You are good at claims processing when you can quickly find legitimate ways to get the charges reimbursed to a reasonable extent. You have to choose procedure codes for medical treatment that will allow enough coverage. You have to develop a good sense of how much is reasonable, juggling the whole thing to produce quickly a reasonable story. What makes a story "reasonable" can't be taught during the training class. Even her instructors acknowledged that trainees had to learn it "the right way" for now but that, once they got to the floor, they would learn the shortcuts.

But the shortcuts are not always good for the company or the customer. For instance, Alinsu has a rule that, if a completed claim comes out as a "Q," recalling that claim to make a change will count as a void, that is, as an error on the processor's quality rating. Of course, if you could just recall your Qs, you would process everything super fast, and then quickly recall your Qs to check them carefully. They want you to pay the same attention to every claim. So what people learn to do is that if you notice a mistake on a Q claim after completing it and sending it in, it is better just to let it go, because then there is a chance that the quality reviewer will overlook the error. An error that is discovered outside the internal review process - say, through a complaint by a customer - does not count against you.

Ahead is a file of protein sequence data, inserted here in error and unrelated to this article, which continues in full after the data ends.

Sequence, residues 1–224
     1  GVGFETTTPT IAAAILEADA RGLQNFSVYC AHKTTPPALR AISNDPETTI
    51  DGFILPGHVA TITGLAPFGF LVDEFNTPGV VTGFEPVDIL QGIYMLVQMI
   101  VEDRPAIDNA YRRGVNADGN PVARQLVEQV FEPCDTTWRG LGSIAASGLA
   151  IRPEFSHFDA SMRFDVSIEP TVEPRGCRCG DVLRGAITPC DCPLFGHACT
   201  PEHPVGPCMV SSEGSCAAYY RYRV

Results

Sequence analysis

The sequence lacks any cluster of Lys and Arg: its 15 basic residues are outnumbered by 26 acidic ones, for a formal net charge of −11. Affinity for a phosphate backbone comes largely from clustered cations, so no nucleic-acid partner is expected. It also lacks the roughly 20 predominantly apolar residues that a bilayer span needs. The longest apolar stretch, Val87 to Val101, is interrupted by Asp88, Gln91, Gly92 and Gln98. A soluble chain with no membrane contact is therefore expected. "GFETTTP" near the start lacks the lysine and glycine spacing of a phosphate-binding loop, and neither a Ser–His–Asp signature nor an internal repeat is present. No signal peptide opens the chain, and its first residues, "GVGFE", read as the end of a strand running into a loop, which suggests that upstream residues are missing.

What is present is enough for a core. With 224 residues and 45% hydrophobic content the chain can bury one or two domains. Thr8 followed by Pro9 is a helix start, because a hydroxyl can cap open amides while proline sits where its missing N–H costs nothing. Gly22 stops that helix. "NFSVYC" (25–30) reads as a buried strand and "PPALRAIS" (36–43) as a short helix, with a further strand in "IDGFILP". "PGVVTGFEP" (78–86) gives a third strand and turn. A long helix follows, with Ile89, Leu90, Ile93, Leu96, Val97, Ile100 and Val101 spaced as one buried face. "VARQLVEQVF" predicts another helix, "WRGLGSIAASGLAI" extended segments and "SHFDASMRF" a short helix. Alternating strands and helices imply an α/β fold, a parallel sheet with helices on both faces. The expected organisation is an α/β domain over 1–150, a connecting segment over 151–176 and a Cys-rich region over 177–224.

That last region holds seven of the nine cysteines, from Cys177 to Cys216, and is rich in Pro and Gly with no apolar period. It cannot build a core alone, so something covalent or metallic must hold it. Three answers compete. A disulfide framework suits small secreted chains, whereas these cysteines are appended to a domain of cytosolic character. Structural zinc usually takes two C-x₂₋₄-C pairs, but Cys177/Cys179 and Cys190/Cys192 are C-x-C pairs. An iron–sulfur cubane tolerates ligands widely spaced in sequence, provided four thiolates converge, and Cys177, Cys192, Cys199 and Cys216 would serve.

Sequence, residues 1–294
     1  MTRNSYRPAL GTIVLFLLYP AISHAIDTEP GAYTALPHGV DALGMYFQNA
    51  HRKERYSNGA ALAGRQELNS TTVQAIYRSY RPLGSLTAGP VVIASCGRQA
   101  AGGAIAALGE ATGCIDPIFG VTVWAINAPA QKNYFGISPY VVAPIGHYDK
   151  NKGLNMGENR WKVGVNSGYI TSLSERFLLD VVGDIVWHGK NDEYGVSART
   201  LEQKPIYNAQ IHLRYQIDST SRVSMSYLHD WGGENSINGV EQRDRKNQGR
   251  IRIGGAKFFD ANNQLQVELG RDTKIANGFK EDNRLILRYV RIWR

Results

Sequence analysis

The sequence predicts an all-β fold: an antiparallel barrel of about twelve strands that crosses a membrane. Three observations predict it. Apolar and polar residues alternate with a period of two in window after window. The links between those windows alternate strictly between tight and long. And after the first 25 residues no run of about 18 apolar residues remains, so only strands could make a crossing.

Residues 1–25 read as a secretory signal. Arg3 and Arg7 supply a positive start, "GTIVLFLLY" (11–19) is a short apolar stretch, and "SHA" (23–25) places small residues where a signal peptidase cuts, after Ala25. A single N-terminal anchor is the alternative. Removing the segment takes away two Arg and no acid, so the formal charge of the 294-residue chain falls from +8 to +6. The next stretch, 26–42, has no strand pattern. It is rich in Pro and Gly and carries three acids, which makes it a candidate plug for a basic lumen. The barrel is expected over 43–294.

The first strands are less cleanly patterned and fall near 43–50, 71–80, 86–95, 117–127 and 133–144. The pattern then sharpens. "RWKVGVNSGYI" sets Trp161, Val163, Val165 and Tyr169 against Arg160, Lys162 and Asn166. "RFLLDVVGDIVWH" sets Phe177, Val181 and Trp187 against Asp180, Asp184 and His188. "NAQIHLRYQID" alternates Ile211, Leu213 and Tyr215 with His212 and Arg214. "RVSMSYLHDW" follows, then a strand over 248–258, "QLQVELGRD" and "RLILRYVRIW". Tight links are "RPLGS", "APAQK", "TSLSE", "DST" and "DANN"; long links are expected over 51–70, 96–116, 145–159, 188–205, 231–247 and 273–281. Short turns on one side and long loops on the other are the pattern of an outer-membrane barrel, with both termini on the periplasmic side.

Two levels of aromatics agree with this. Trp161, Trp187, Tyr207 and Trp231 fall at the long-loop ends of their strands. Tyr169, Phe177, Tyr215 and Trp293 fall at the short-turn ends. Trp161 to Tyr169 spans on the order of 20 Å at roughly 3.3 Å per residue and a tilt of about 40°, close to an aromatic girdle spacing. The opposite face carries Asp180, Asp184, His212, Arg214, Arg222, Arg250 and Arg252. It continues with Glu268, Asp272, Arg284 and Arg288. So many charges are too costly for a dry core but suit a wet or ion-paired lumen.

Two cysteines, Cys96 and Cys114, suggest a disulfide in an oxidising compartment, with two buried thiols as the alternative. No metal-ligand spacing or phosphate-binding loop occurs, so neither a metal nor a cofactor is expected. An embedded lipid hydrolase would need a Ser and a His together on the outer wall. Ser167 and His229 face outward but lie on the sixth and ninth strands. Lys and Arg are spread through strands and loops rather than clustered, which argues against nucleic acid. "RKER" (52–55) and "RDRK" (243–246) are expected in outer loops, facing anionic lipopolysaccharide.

Now this claim looks like a duplicate, but Ariel can't tell from the claim history on-line; she needs to check the original bill to see if the services covered are really the same. She goes to the microfilm reader, but the claim was recent and the film has not yet come back from the lab. So Ariel has to fill out a request for clerical to get a copy of the original bill on paper. She clears out of the claim and puts it aside. She'll have to start over when she gets the answer. From across the walkway, Beliza asks, "Transco is 'end of the month' or 'date of termination'?" She wants to know whether a Transco employee who leaves the job is still covered until the end of that month. Some companies do that, some don't. Annette replies, "I think it's 'end of the month'." But Joan corrects her, "No, they just changed it. It was in a memo last week." Ariel overhears the conversation and makes a mental note.